Will the new mission of the so-called Freedom Flotilla, set to launch for Gaza this week, go off as planned after multiple delays and disappointments for organizers? And whose job is it to enforce the blockade against Gaza? Israel’s Security Cabinet has officially ordered the IDF to keep the flotilla from reaching Gaza, but it is not clear whether the IDF or the government has made special plans to safely capture the flotilla ships. And though the flotilla has fewer members and ships this year, it is receiving a publicity boost thanks to the presence of Pulitzer-Prize winning novelist Alice Walker, author of “The Color Purple.”
Meanwhile, the Jewish State’s concerns over violence are also pointing inward this week, after the arrest of the leading rabbi of the West Bank settlements, Rabbi Dov Lior, over allegations he’s endorsed violence against non-Jews. And on the fifth anniversary of the capture of missing IDF soldier Gilad Shalit, Hamas is said to be requesting the release of one thousand Palestinian prisoners from Israeli jails in exchange for Shalit.
This week’s field segments include a look at a new film about the Israeli-Palestinian conflict in the specific area of Hebron, and a report on how one group of Jewish women is working to eliminate social inequalities in Israel.
“This Is My Land…Hebron,” Reporter: Christian Niedan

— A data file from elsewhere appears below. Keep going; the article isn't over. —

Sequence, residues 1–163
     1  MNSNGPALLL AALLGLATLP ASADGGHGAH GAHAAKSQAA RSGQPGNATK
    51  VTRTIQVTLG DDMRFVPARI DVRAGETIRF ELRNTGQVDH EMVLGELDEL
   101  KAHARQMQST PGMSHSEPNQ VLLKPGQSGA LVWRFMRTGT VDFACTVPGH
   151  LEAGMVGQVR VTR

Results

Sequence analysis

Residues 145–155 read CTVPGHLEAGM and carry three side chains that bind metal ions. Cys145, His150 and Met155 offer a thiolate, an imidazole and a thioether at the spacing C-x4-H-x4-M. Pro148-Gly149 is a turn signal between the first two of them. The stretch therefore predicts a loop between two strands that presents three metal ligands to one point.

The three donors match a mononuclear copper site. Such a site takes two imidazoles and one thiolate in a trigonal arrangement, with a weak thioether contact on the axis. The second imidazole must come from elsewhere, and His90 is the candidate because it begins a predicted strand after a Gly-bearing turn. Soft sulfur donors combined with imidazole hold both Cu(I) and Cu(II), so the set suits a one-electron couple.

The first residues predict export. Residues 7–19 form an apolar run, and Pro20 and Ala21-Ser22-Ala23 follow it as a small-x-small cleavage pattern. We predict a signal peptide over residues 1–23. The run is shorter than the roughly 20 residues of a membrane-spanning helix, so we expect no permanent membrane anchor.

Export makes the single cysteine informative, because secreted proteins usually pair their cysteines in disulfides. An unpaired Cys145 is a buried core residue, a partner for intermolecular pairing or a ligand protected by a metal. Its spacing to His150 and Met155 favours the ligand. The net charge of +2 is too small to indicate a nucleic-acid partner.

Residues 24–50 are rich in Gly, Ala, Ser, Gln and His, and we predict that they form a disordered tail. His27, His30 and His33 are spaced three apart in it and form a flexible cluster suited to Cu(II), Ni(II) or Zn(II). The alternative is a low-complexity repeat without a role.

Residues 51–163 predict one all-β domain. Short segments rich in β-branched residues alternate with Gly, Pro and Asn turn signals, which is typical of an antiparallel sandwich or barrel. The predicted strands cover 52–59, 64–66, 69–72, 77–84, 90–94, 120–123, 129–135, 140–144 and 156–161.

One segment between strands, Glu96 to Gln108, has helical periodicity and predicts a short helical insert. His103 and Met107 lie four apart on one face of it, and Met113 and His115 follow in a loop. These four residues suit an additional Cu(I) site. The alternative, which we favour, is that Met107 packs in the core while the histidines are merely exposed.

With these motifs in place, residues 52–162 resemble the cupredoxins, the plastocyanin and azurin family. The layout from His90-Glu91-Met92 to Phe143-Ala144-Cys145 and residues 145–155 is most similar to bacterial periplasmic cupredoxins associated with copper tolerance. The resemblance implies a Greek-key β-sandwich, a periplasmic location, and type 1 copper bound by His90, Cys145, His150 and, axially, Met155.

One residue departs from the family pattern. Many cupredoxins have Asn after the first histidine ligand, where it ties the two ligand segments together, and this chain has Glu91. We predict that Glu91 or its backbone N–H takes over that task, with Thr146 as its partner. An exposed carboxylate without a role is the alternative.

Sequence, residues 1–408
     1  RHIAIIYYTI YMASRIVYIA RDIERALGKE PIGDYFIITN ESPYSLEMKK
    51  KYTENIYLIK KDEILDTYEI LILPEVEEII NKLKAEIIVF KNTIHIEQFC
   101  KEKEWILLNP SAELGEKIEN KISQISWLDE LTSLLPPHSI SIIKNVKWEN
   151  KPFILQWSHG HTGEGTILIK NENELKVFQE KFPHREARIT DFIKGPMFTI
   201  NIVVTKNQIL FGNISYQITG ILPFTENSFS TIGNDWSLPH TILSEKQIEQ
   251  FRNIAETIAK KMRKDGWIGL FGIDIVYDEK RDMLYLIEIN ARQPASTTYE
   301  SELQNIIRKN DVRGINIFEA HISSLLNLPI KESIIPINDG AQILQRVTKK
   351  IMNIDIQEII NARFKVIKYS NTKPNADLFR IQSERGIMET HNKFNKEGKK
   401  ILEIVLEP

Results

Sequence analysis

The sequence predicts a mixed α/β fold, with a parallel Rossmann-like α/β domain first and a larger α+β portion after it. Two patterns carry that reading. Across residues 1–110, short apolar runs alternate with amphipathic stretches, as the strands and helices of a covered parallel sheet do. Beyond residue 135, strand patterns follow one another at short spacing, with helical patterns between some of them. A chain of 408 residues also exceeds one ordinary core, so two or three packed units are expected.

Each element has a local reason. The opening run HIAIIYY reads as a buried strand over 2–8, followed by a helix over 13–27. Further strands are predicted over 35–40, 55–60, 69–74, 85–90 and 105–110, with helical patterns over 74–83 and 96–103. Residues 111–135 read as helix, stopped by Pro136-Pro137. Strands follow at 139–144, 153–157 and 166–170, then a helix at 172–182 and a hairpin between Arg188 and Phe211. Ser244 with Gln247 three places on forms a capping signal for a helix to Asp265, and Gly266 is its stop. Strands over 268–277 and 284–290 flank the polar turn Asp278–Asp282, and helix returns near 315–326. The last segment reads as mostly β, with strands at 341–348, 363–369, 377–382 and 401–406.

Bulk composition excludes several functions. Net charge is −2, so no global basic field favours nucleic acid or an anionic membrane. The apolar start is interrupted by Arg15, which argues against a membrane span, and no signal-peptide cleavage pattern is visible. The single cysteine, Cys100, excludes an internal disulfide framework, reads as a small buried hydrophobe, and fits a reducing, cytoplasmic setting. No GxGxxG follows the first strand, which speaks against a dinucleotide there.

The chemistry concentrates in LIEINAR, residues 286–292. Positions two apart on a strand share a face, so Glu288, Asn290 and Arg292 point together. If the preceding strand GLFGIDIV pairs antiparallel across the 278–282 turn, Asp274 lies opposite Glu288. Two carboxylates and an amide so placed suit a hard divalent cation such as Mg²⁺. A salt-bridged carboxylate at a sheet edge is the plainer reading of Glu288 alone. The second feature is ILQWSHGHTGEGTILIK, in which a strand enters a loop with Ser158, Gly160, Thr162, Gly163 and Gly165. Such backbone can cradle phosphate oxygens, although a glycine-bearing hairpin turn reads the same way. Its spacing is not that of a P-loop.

Lincoln Center is hosting the Human Rights Watch Film Festival, which screened the documentary, This Is My Land… Hebron on Monday afternoon. The film explores the contentious relationship between Hebron’s enclave of roughly 500 Jewish settlers, and the city’s roughly 160,000 local Palestinian Arabs.
The film received a mixed reception from the Lincoln Center audience, with accusations of one-sidedness that were addressed in a Q&A session by the documentary’s co-directors, Giulia Amati and Stephen Natanson. Also answering questions was former-IDF soldier, Dotan Greenvald, who served in Hebron and now shares his experiences there through his work with Breaking The Silence — a group of former-IDF soldiers working to (among other things) expose what they call abuse toward Palestinians in the occupied territories.
NCJW’s Israel Benefit Luncheon, Reporter: Rebecca Honig Friedman
Against the picturesque backdrop of the Boat Pond in Central Park, the National Council of Jewish Women held its annual Israel Benefit Luncheon last week, to raise money for the organization’s Israel Granting Program, which funds grassroots organizations that work to eliminate social and economic inequalities in Israel.
Supporters of this progressive Jewish women’s organization heard from Israel’s Consul General to New York, Ido Aharoni, who noted the growing importance of tackling Israel’s internal, social problems alongside external security threats; Forward editor Jane Eisner, who delivered the event’s keynote address on the subject of poverty in Israel; and event honoree Florida State Senator Nan Rich, a former president of NCJW, who stressed the need for increased vigilance on behalf of the organization’s progressive social agenda in the U.S., because, she said, “I assure you, the social issues have not taken a backseat for the right-wing conservatives.”
Senator Rich also shared with TJC her future plans for her own political career, after she hits her term-limit in the Florida Senate in 2012.